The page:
He winced and cleared his throat, having lost his place on the page. “In the world of a novelist, it might seem foolish to speak of what is real since everything we write is, in fact, a fictional fabrication. The truth remains that even the strangest of these fictional stories, rooted in a world of myth or the realm of the impossible, must in some way be centred in what is real—that is to say, in human emotion.”
He paused and looked to the front row. The event facilitator, a gentleman of advanced years with white tufts of hair clinging around his ears, nodded in encouragement.
“Now,” Benedict went on, “perhaps I can open the floor to questions. In such spheres of learning it is good to have an open discourse.”
Hands raised around the room. All men, of course. The shadow-like women in the back would likely not interject their thoughts amid this room of gentlemen. Benedict pointed to a distinguished gentleman with spectacles in the front row.
“What authors influence you?” the man asked. Benedict reached into the recesses of his mind to recall the man’s name.
“Dr Martin, an excellent question, to be sure,” he said. “I appreciate a variety of works. You may have noticed the influence of Samuel Johnson and Samuel Richardson in my work, but I assure you I am not limited to ‘Samuels’.” A ripple of laughter filled the room. “As much as I would like to distance myself from the over-sentimentality I see rising in modern poetry, I cannot help being influenced by the descriptions so vividly shown by writers like Wordsworth and Blake.”
“And Byron?” a young man at the front asked. The room laughed. Byron, while fabulously popular, was not well respected in a room like this, full to the brim with academics and ‘sober minds.’
“Byron has his merits,” Benedict said, clearing his throat. The laughter eased. Benedict was not a personal fan of the man who had set London aflutter with this scandalous love poetry, but he never liked to see another creative mocked in the open sphere. “His poetry will likely stand the test of time.”
“He’s a passing fad, I believe,” Dr Martin said with a sniff.
“Anyone else?” Benedict asked. He chose a young man halfway back in the crowd, who looked quite eager.
The young man stood, reading his question from a page before him, apparently having scribbled it out in preparation for the talk. “What advice would you give to young authors attempting to follow in your footsteps?”
Benedict raised his eyebrow. “Don’t.” Laughter, again. He pointed to another man in the crowd. “You, sir.”
The man stood, wiping sweat from his balding head. “Yes, I wondered if you might comment on the popularity of the Gothic novel. I do not see your work taking a turn for the fantastic, but I am curious if there is a draw to write what the public wants, even if it does not suit your own sensibilities.”
This question hit a little too close to home. Benedict chose his words carefully. “I would urge honesty to every author, for a descent into sensationalism will only result in an obscuring of truth.” It was not an answer, and he was ashamed of his vagueness, but the room nodded sagely as though he had said something quite wise.
All at once, he saw a hand from the back that was not attached to a thick wool coat. It was a small, white wrist, wrapped around with delicate lace.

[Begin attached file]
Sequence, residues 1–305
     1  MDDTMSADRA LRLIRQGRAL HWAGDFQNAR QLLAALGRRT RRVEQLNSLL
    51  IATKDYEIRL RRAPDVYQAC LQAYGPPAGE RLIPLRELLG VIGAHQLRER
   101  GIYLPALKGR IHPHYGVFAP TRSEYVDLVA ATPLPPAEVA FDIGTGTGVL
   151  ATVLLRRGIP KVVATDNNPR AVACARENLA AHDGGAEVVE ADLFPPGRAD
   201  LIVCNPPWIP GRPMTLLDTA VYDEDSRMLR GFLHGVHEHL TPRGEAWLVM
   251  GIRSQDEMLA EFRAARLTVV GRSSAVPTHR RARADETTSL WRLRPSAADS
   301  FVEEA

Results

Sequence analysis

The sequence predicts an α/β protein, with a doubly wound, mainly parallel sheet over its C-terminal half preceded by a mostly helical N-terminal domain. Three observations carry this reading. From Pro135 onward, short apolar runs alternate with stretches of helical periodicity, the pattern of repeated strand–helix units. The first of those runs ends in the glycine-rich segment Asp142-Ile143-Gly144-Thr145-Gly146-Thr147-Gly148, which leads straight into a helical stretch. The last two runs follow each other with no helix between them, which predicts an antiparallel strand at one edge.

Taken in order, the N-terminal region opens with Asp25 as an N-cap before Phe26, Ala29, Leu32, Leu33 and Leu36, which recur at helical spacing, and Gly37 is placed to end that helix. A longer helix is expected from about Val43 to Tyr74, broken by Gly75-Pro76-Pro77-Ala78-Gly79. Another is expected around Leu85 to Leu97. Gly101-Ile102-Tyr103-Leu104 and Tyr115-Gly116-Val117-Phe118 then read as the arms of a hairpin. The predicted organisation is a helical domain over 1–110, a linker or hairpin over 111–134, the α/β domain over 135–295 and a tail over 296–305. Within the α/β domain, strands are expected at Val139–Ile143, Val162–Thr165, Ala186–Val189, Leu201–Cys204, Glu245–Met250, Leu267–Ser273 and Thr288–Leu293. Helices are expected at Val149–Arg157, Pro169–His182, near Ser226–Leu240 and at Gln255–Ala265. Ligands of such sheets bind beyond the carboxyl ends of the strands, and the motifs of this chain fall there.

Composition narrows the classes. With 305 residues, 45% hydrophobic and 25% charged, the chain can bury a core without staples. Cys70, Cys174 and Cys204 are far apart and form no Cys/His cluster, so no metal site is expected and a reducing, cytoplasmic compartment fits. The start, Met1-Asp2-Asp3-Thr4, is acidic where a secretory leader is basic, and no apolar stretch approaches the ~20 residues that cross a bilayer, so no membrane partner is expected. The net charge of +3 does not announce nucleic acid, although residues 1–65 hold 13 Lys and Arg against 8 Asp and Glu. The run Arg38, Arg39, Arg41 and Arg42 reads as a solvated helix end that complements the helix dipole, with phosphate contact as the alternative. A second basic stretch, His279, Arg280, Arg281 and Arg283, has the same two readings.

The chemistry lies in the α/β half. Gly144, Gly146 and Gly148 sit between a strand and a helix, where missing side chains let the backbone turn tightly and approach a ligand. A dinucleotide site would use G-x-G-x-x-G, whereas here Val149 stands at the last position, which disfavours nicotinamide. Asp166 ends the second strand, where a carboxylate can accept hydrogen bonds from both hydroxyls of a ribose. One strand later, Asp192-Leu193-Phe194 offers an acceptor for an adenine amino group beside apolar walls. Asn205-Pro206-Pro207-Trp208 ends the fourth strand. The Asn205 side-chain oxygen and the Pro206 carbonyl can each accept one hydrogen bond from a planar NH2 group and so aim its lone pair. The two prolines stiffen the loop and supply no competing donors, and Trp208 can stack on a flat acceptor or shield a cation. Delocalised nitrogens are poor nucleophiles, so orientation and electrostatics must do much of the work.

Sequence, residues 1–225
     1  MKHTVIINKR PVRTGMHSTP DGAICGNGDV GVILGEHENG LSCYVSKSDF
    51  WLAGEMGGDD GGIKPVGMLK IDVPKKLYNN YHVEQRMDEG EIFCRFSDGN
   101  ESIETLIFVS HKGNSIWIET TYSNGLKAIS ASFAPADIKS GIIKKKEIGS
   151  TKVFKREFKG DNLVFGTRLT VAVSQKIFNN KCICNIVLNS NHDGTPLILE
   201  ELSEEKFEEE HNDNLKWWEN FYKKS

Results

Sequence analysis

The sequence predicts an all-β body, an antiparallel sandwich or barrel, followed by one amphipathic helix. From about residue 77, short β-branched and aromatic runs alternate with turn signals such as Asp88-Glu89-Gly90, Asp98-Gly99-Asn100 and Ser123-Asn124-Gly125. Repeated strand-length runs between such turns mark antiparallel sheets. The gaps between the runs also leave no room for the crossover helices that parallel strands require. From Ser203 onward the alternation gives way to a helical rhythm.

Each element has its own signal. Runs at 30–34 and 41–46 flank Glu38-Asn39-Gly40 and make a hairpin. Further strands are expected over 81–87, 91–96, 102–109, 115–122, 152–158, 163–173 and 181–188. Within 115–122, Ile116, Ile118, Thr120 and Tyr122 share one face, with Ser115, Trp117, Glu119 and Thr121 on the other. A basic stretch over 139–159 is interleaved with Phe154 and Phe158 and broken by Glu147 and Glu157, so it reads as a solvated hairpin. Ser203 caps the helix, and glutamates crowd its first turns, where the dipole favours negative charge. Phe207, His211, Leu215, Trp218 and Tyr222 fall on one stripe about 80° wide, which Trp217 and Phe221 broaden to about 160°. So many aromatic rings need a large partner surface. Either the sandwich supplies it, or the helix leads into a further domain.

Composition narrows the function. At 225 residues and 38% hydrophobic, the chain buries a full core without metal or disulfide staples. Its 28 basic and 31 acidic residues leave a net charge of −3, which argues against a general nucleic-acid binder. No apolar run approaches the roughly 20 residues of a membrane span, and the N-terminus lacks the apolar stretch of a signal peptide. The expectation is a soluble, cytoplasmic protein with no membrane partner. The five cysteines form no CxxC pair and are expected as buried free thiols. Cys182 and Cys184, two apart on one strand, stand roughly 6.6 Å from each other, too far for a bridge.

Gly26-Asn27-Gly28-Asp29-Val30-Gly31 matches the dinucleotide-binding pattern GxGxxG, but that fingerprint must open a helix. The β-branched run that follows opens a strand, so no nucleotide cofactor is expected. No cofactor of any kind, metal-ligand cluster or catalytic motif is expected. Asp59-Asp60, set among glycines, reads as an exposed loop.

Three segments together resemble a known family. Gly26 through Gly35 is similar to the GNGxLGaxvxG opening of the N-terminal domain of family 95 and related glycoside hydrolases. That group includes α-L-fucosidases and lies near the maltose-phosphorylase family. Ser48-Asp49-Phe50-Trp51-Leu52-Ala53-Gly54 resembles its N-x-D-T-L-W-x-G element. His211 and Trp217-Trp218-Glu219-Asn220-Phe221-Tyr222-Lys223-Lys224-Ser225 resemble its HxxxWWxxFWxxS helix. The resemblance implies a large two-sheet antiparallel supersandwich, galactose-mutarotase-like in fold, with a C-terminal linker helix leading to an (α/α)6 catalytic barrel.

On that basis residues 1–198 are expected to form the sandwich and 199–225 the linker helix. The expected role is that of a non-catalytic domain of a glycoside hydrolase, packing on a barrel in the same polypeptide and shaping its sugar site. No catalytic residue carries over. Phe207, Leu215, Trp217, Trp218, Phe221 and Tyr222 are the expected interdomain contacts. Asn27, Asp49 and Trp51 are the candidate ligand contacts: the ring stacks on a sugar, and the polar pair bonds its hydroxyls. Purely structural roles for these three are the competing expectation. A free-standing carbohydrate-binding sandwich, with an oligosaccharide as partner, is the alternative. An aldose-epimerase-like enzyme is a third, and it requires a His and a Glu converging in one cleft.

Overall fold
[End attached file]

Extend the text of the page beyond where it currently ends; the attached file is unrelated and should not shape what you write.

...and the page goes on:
“You there,” he said. “In the back.” A gentleman stood, and he shook his head. “No, behind you.”
The room of men turned, and a slender figure stood uncomfortably. Benedict felt a quick shock to his system. He recognized her—this bluestocking woman who had the gall to ask him a question in front of this intimidating array of intellectual minds. It was his faerie shadow who had surprised him at Norman’s wedding. What was her name? Ah, yes. Romilly.
She looked directly at him as though issuing a challenge. “Yes, thank you, Lord Sagre. My question involves Miss Frances Burney and her various novels—in particular, Evelina and Cecilia come to mind—where she addresses female sensibility. Is this a subject you find ‘honest’ or merely a passing fad of the age?”
Benedict was taken aback by not only the intelligence of the question, but the courage with which it was spoken. Surely Romilly had recognized him immediately, yet she made no call upon their previous acquaintance or hesitated in her inquiry. In fact, it was he who stumbled now in his response.
“I do not know that I … my novels have not yet explored deeply the … Miss Furney is indeed a remarkable authoress …” he took a breath, getting back on track again, “and I have the highest respect for her work. I would not pretend to address female sensibility with the grace and elegance she manages, but I do not think it a matter of mere popular interest. The place of a woman in society will continue to fascinate in the days to come, and I believe may even be deserving of the central stage.”
She smiled briefly, nodded, and resumed her seat. Benedict managed to field a few more questions before closing his talk, but all the time, his mind was fixed on one thing—the shine of pale copper hair that he could still see at the back of the room and how he might find a way to continue his conversation with Romilly after the event closed.
He was grateful, then, to see the Duchess of Torquay swoop towards him at the close of his talk, with Romilly at her side. It appeared that Romilly was part of the duchess’ assembly, Women of Note, which showed an interest in academic and intellectual pursuits despite the derision of their male peers.
He had spoken with a few women from the assembly before, but they were often relegated to the side of formal literary discussions. It seemed that the duchess, a short, stout woman with fire in her eyes and a trailing black gown, did not mean to be pushed aside this time.